Degree of vector-borne disease risk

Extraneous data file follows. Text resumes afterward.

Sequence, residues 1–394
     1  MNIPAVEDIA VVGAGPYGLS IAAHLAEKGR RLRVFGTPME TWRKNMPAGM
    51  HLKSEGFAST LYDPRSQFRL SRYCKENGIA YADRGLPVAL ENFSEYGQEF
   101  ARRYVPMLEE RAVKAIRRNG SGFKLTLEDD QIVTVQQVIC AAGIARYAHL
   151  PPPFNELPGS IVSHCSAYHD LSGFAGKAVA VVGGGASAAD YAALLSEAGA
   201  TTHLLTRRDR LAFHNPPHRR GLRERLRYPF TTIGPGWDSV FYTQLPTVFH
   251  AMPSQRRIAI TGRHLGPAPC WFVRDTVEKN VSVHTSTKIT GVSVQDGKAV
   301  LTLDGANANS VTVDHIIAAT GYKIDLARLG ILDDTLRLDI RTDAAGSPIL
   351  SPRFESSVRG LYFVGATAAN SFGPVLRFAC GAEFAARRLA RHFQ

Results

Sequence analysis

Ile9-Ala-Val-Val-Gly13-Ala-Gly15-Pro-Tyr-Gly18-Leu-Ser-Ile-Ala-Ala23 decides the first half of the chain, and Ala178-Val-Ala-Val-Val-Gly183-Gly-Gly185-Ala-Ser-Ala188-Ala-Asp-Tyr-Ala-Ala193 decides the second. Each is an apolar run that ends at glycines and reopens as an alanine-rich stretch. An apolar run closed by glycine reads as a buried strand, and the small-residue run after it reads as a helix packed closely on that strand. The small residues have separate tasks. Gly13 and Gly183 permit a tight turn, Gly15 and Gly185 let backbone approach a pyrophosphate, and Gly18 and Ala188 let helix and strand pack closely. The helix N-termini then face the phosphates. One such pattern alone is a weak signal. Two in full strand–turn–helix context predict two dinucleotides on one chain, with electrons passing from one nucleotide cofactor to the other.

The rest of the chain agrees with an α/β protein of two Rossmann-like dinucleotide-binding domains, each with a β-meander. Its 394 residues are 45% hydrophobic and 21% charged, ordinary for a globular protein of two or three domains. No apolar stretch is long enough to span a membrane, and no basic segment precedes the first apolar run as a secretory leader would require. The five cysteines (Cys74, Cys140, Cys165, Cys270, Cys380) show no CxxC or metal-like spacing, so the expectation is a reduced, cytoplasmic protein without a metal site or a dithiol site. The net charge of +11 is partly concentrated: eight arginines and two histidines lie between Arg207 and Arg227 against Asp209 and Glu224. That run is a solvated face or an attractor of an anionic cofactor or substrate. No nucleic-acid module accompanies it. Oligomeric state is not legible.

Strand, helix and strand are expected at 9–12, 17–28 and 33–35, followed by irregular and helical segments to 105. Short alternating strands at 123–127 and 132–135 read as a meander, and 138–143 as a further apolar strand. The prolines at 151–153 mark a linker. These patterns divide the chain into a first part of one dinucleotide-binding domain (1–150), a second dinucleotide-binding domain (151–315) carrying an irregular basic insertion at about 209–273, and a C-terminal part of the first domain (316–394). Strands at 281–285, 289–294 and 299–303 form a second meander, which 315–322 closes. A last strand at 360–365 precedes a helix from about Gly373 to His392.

Malaria: Malaria is one of the major causes of disease and loss of life in emergencies. This indicator is designed to estimate the risk of malaria to the population concerned in general terms, taking into account the following factors: 1) whether or not the area is endemic for malaria; 2) whether or not it is the malaria season; 3) the degree of immunity of the population; 4) the adequacy of measures in place to control malaria transmission. Control measures include rapid and effective management of malaria cases and prevention of transmission through the use of insecticide-treated mosquito nets, the use of repellents, protecting shelters, indoor residual spraying and control of breeding sites. Mosquito-borne diseases other than malaria: diseases such as dengue fever and yellow fever, and other vector-borne diseases such as river blindness and the plague, may be a danger to public health in some circumstances. This indicator is designed to estimate the risk of such diseases to the population concerned in general terms, taking into account the following factors: 1) whether or not the area is endemic for the disease; 2) whether or not it is the season during which the disease is normally transmitted; 3) the degree of immunity of the population; 4) the adequacy of measures in place to control disease transmission. Fly-borne diseases: There is some evidence to suggest that non-biting flies (houseflies, blowflies and several other species) are involved in the transmission of disease by mechanically transferring germs from one place to another, and that the higher the density of flies in a settlement, the greater the intensity of disease transmission. Diseases that may be transmitted by flies include diarrhoeas and other faecal-oral diseases such as typhoid, as well a trachoma. For all of these diseases, flies are just one of a number of pathways of transmission. The density of flies is hard to define in absolute terms. People in the population concerned may report a high (or highest than normal) fly density, though this needs to be interpreted in the context of normal local conditions.